Everyone has their blind spots -- things that seemingly everyone else in the world already knew, but that they themselves were ignorant of. Over the last week, I filled in one of mine: the Corn Chip Issue. It's a really simple one with a very obvious solution: never buy off-the-shelf corn chips. Fritos, Doritos, and Tostitos are but a pale, flavorless imitation of something you can prepare at home for a small fraction of the money. Somehow, I never realized that all that you need to make tasty, crispy chips that rival the ones you get as appetizers at Mexican restaurants is a 99 cent bag of tortillas from the supermarket and a pot of hot oil. Slice the tortillas into wedges, drop them in hot oil for a couple of minutes, drain them on paper towels and salt lightly. Serve with salsa. That's all it takes. Really, it couldn't be simpler. Somehow I made it through decades without anyone telling me. In case your friends have likewise left you in the dark, I'm blogging it.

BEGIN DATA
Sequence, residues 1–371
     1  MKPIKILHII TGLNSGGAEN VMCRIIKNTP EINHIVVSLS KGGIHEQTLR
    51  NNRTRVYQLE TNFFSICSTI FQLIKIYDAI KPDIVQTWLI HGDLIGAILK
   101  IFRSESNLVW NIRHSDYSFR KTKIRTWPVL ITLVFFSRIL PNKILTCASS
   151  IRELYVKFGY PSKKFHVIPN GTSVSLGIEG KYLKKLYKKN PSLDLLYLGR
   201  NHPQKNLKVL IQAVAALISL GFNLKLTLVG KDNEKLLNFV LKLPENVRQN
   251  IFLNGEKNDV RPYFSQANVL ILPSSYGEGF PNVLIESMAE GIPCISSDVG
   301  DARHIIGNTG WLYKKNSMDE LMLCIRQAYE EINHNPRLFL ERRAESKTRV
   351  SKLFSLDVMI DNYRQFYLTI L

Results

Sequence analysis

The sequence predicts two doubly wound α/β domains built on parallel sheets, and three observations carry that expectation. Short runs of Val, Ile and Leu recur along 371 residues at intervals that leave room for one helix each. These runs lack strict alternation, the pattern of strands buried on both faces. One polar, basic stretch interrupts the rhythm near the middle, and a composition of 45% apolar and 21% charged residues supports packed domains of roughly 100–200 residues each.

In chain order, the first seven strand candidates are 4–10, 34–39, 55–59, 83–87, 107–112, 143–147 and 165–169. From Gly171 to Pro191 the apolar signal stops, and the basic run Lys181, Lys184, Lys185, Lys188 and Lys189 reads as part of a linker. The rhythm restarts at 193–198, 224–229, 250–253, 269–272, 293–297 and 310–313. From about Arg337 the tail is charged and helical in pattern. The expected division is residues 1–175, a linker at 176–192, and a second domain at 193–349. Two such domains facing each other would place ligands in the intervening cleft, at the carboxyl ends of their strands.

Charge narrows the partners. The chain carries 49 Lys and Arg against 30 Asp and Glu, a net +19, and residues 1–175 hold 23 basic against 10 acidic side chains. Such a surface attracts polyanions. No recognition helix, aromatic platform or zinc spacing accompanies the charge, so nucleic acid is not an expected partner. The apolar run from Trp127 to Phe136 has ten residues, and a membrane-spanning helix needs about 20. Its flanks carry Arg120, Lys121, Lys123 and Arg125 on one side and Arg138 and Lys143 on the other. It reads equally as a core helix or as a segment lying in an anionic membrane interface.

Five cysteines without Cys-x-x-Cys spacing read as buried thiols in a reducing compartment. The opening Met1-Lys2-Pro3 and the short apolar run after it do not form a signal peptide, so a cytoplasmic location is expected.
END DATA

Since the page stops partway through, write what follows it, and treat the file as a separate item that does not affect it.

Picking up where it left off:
The Least Successful Executions
History has furnished us with two executioners worthy of attention.
The first performed in Sydney in Australia. In 1803 three attempts were
made to hang a Mr. Joseph Samuels. On the first two of these the rope
snapped, while on the third Mr. Samuels just hung there peacefully until he
and everyone else got bored. Since he had proved unsusceptible to capital
punishment, he was reprieved.
The most important British executioner was Mr. James Berry who
tried three times in 1885 to hang Mr. John Lee at Exeter Jail, but on each
occasion failed to get the trap door open.
In recognition of this achievement, the Home Secretary commuted
Lee’s sentence to “life” imprisonment. He was released in 1917, emigrated
to America and lived until 1933.
— Stephen Pile, “The Book of Heroic Failures”